# Prim's Minimum Spanning Tree Algorithm

October 30, 2019 • ☕️ 1 min read

In computer science, **Prim’s algorithm** is a greedy algorithm that
finds a minimum spanning tree for a weighted undirected graph.

The algorithm operates by building this tree one vertex at a
time, from an arbitrary starting vertex, at each step adding
the cheapest possible connection from the tree to another vertex.

Prim’s algorithm starting at vertex `A`

. In the third step, edges
`BD`

and `AB`

both have weight `2`

, so `BD`

is chosen arbitrarily.
After that step, `AB`

is no longer a candidate for addition
to the tree because it links two nodes that are already
in the tree.

## Minimum Spanning Tree

A **minimum spanning tree** (MST) or minimum weight spanning tree
is a subset of the edges of a connected, edge-weighted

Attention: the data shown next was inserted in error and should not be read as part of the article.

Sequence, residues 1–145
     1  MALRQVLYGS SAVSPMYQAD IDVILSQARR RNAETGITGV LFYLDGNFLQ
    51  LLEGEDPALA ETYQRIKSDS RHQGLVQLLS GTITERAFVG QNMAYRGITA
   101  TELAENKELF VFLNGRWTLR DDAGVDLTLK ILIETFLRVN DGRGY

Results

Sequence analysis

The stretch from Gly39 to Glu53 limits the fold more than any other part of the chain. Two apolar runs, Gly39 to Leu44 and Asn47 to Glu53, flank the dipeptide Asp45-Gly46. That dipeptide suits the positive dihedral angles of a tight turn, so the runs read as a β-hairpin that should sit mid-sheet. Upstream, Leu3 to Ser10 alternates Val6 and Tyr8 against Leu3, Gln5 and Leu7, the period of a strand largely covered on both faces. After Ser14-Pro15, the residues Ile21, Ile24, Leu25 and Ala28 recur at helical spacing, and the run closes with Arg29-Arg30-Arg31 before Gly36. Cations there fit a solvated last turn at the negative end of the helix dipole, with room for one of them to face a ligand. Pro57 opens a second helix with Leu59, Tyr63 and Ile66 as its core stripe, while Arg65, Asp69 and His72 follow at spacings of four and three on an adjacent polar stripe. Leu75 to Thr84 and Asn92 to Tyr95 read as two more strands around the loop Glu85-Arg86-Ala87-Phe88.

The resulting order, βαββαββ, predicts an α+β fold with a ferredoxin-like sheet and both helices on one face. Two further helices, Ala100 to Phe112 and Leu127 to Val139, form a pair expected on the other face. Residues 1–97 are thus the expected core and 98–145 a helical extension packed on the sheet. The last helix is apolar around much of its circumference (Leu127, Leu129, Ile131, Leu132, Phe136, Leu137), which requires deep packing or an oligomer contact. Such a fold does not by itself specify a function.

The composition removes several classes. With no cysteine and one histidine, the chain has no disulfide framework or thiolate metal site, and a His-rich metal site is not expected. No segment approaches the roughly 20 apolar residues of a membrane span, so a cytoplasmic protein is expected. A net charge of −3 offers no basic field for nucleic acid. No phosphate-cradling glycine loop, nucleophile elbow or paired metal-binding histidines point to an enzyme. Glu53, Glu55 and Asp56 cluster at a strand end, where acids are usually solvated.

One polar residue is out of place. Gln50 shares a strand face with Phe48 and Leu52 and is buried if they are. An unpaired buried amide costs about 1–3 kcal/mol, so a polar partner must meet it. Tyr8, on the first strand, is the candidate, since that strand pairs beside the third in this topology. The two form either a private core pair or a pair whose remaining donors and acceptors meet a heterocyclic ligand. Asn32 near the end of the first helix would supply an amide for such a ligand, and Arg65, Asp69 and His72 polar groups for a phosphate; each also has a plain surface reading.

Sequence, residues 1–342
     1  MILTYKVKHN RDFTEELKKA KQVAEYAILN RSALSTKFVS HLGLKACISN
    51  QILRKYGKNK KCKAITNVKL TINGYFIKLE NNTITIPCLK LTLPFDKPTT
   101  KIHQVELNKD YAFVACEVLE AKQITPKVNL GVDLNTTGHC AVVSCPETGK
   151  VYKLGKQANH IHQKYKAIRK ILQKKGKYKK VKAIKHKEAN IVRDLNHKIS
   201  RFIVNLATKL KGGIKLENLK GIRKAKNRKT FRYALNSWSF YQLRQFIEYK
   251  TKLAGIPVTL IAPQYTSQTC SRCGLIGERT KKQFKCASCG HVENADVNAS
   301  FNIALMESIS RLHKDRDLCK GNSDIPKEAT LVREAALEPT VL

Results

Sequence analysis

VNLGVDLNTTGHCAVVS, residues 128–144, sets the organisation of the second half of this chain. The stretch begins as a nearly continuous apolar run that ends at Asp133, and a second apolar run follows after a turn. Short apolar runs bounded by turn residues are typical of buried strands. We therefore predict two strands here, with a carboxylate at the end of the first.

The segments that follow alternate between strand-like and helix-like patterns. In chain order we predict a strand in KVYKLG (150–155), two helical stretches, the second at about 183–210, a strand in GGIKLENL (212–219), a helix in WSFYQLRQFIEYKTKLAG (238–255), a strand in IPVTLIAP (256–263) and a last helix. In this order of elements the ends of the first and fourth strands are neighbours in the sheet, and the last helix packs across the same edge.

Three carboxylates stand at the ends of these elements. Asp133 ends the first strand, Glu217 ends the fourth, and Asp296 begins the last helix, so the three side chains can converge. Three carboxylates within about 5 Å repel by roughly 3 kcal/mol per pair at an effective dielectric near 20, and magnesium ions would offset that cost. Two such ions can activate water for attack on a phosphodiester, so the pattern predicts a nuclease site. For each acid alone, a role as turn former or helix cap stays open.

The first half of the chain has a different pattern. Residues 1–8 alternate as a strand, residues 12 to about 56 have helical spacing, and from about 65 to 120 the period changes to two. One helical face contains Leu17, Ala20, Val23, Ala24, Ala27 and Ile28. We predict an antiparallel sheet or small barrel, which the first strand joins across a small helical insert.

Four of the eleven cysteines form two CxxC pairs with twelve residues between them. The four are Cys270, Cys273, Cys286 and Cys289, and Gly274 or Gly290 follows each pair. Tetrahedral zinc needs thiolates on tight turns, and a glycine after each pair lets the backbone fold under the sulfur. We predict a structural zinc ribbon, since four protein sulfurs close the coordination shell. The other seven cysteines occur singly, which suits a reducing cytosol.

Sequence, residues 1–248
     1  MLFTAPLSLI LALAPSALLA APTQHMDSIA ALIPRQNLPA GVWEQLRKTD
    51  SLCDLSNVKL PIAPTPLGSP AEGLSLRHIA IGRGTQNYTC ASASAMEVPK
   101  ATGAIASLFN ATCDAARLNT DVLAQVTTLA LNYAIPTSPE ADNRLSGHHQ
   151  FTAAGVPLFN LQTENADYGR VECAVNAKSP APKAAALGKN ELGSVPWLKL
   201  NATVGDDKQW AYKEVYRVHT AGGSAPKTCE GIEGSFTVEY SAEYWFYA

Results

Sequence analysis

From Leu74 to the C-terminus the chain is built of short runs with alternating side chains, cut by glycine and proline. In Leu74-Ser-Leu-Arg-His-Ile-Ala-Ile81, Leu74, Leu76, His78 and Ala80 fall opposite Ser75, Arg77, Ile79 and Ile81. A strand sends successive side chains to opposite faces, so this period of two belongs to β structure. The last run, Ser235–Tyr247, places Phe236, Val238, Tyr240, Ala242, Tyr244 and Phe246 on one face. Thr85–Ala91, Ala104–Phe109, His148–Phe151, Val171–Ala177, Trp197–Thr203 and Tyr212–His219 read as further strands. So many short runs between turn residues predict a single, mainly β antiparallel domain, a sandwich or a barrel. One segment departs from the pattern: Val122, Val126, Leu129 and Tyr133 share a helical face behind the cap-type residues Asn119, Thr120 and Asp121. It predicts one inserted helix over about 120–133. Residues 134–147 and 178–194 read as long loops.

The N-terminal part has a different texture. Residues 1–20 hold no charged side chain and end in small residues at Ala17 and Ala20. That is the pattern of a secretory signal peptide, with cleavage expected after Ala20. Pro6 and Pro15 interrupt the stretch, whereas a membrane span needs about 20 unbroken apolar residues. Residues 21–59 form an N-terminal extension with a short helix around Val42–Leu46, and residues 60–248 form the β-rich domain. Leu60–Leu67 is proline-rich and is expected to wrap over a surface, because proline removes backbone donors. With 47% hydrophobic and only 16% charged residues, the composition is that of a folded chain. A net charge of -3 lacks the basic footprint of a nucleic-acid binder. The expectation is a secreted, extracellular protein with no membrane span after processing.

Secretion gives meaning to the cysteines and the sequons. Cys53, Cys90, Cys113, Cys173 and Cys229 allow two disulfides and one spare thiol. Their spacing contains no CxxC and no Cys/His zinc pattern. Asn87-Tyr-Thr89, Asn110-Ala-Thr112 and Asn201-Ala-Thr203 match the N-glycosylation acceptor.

(un)directed graph that connects all the vertices together,
without any cycles and with the minimum possible total edge
weight. That is, it is a spanning tree whose sum of edge weights
is as small as possible. More generally, any edge-weighted
undirected graph (not necessarily connected) has a minimum
spanning forest, which is a union of the minimum spanning
trees for its connected components.

A planar graph and its minimum spanning tree. Each edge is
labeled with its weight, which here is roughly proportional
to its length.

This figure shows there may be more than one minimum spanning
tree in a graph. In the figure, the two trees below the graph
are two possibilities of minimum spanning tree of the given graph.